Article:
Art Review

Review: Frank Sampson Makes Magic at Sandra Phillips Gallery

Frank Sampson’s “Waiting for a Train” in Allegory, Myths and Magic.
Frank Sampson’s “Waiting for a Train” in Allegory, Myths and Magic. Courtesy the Sandra Phillips Gallery
Legendary painter Frank Sampson is hard at work at the age of ninety, and Frank Sampson: Allegory, Myths and Magic, on display in the cozy Sandra Phillips Gallery, proves that the Boulder artist can still make magic.

Sampson’s signature style is a soft, classic realism that has a kinship to the Old Masters, with lots of umbers and ochres lending the paintings a sense of dark mystery, like a Rembrandt. But this traditional mood is broken by the preposterous, or at least unlikely, subjects that he addresses — and this is where the “magic” part of magic realism comes in. His depictions might be found in the clearing of a deep wood, springing up around a curve, or at some incomprehensible event.

A classic example is “Waiting for a Train,” a monumental landscape. Standing out from the surrounding woodlands, a large tree rises on the right side, shading the scene unfolding beneath it. The bright-blue skies are glimpsed up on the left. Gathered under the tree, presumably waiting for the “train” in the title (though there’s no indication that a train could possibly penetrate the forest) is an unlikely cast of characters. Those familiar with Sampson’s oeuvre will recognize most of these figures as part of the retinue of the artist’s personal icons. The most obvious is the sad clown: a French stock character, Pierrot, who seems weary in his depiction in this painting’s foreground. His head is bent, making his white, pointed hat an important aspect of the formal composition. Other signature Sampson symbols among the assembled would-be travelers include an elephant, a lion, a bear, a pelican, a giraffe and a child, among other creatures great and small. There’s a storybook quality to the paintings, which almost seem like illustrations for an oddball children’s book. The show includes an acrylic-on-paper study for "Waiting for a Train"; though much smaller, it has all the power of the large, finished version.

click to enlarge “Egg Picker,” by Frank Sampson. - COURTESY THE SANDRA PHILLIPS GALLERY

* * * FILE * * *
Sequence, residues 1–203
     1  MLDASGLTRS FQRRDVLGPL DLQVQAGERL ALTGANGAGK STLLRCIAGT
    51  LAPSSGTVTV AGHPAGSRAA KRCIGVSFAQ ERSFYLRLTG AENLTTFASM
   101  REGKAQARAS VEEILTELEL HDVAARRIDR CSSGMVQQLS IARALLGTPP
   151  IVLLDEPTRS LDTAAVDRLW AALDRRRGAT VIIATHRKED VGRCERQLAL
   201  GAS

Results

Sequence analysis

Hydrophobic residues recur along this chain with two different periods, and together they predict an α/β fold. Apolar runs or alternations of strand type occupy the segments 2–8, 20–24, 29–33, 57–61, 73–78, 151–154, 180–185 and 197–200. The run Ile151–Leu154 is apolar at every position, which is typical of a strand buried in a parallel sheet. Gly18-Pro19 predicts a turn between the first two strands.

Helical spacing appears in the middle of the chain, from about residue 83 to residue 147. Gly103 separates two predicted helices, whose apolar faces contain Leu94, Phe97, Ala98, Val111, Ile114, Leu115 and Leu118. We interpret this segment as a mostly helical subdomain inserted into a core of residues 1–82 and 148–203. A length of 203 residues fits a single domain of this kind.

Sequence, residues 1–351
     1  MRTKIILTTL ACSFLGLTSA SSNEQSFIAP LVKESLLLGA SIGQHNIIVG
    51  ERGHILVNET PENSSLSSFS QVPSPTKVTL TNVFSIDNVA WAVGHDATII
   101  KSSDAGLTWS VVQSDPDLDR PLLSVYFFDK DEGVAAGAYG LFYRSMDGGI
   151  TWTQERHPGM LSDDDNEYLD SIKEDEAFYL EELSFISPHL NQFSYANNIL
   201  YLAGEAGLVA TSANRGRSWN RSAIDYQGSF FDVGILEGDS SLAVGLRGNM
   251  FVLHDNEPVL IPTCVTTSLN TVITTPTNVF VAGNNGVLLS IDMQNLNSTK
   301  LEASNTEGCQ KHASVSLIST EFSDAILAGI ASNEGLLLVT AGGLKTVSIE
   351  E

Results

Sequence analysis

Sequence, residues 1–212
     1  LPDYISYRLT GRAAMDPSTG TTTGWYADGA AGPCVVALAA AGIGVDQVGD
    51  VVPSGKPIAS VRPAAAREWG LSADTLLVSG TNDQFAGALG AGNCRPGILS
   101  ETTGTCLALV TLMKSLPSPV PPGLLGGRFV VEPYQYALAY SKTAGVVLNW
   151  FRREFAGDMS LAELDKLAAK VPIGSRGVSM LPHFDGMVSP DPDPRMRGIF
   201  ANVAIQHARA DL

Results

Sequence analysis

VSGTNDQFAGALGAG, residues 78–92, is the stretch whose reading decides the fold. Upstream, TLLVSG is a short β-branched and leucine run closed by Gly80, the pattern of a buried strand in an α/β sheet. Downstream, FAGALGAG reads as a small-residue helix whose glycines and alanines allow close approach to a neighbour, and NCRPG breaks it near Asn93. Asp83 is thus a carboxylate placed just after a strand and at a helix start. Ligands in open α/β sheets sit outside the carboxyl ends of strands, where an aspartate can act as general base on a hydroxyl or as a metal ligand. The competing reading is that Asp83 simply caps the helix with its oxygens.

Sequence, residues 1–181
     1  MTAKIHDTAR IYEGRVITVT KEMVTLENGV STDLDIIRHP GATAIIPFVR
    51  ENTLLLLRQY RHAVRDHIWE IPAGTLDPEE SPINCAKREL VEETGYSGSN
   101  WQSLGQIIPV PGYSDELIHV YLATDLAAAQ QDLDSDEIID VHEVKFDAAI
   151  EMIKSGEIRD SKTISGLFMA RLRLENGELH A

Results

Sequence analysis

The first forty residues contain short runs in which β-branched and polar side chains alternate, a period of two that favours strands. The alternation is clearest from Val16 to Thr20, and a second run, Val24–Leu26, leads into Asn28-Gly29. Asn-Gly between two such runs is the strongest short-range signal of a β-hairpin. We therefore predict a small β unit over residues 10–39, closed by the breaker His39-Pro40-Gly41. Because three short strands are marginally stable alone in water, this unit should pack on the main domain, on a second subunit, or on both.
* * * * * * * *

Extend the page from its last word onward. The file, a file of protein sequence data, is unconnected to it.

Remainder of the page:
“Egg Picker,” by Frank Sampson.
Courtesy the Sandra Phillips Gallery
A related painting, “Egg Picker,” captures a scene in which another clown, similarly dressed and wearing a pointed hat, is seen in an ancient building that gives the figure an almost monastic cast. The floor is covered with straw and many chickens, either roosting or strutting; the clown has been captured as he’s stealing the eggs that he’s putting in a basket. This is another picture illustrating a story that’s only told by the painting itself, which lays out the narrative even as it suggests that there’s a lot more to the story than has been revealed. (Is the clown Sampson himself? Is everything in his menagerie an avatar?)


Considering how densely Sampson populates his paintings with figural or other items, you might expect him to take a sketchy approach to the pictorial elements, but you’d be wrong. Instead, his brushmarks are as crowded as his compositions, producing surfaces that are active and rough, and thus expressionistic.

Though he’s been at it for nearly seventy years, Sampson's still got it.

The Sampson show has been extended through December 15 at Sandra Phillips Gallery, 47 West 11th Avenue. For more information, call 303-931-2991 or go to thesandraphillipsgallery.com.

click to enlarge "Farmer's Dream," by Frank Sampson. - COURTESY THE SANDRA PHILLIPS GALLERY
"Farmer's Dream," by Frank Sampson.
Courtesy the Sandra Phillips Gallery
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Michael Paglia is an art historian and writer whose columns have appeared in Westword since 1995; his essays on the visual arts have also been published in national periodicals including Art News, Architecture, Art Ltd., Modernism, Art & Auction and Sculpture Magazine. He taught art history at the University of Colorado Denver.
Contact: Michael Paglia